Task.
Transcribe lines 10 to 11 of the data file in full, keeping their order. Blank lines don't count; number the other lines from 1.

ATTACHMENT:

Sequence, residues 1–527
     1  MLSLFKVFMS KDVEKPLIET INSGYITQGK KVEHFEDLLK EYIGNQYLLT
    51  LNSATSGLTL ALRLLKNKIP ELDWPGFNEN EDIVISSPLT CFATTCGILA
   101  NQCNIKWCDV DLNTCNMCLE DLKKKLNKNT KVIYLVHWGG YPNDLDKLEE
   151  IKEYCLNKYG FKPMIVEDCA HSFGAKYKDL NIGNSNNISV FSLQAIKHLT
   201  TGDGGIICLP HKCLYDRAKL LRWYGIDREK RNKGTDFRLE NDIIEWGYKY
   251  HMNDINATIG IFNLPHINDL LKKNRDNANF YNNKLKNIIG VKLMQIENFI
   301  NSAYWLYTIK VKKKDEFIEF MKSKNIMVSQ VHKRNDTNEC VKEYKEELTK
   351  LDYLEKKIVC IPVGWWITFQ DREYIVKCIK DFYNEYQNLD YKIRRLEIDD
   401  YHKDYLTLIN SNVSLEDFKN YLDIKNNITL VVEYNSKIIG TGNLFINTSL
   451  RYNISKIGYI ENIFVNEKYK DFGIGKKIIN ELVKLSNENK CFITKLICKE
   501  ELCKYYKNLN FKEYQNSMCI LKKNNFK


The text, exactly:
   401  YHKDYLTLIN SNVSLEDFKN YLDIKNNITL VVEYNSKIIG TGNLFINTSL
   451  RYNISKIGYI ENIFVNEKYK DFGIGKKIIN ELVKLSNENK CFITKLICKE